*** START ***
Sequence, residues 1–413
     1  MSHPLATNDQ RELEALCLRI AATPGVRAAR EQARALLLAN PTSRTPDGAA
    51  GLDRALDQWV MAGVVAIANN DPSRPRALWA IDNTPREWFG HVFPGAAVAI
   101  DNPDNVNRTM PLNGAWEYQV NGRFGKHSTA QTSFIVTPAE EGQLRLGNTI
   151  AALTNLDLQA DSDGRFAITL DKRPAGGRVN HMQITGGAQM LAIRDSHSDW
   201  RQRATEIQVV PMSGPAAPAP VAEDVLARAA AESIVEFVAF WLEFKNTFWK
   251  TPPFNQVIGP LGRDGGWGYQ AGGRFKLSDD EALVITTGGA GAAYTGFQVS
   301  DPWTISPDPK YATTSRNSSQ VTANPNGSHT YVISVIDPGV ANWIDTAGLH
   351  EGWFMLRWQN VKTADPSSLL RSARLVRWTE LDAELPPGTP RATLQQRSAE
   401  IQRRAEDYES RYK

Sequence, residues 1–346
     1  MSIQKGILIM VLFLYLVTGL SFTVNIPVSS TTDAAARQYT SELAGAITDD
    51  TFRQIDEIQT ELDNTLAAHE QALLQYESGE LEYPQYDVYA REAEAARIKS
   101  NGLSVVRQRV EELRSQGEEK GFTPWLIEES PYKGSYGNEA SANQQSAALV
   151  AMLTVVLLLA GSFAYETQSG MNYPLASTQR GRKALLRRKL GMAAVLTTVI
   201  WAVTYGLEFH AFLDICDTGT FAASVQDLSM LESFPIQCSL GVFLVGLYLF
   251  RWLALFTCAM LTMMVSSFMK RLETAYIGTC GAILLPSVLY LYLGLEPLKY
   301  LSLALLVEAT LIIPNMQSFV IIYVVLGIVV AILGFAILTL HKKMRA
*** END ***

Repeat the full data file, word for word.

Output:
Sequence, residues 1–413
     1  MSHPLATNDQ RELEALCLRI AATPGVRAAR EQARALLLAN PTSRTPDGAA
    51  GLDRALDQWV MAGVVAIANN DPSRPRALWA IDNTPREWFG HVFPGAAVAI
   101  DNPDNVNRTM PLNGAWEYQV NGRFGKHSTA QTSFIVTPAE EGQLRLGNTI
   151  AALTNLDLQA DSDGRFAITL DKRPAGGRVN HMQITGGAQM LAIRDSHSDW
   201  RQRATEIQVV PMSGPAAPAP VAEDVLARAA AESIVEFVAF WLEFKNTFWK
   251  TPPFNQVIGP LGRDGGWGYQ AGGRFKLSDD EALVITTGGA GAAYTGFQVS
   301  DPWTISPDPK YATTSRNSSQ VTANPNGSHT YVISVIDPGV ANWIDTAGLH
   351  EGWFMLRWQN VKTADPSSLL RSARLVRWTE LDAELPPGTP RATLQQRSAE
   401  IQRRAEDYES RYK

Sequence, residues 1–346
     1  MSIQKGILIM VLFLYLVTGL SFTVNIPVSS TTDAAARQYT SELAGAITDD
    51  TFRQIDEIQT ELDNTLAAHE QALLQYESGE LEYPQYDVYA REAEAARIKS
   101  NGLSVVRQRV EELRSQGEEK GFTPWLIEES PYKGSYGNEA SANQQSAALV
   151  AMLTVVLLLA GSFAYETQSG MNYPLASTQR GRKALLRRKL GMAAVLTTVI
   201  WAVTYGLEFH AFLDICDTGT FAASVQDLSM LESFPIQCSL GVFLVGLYLF
   251  RWLALFTCAM LTMMVSSFMK RLETAYIGTC GAILLPSVLY LYLGLEPLKY
   301  LSLALLVEAT LIIPNMQSFV IIYVVLGIVV AILGFAILTL HKKMRA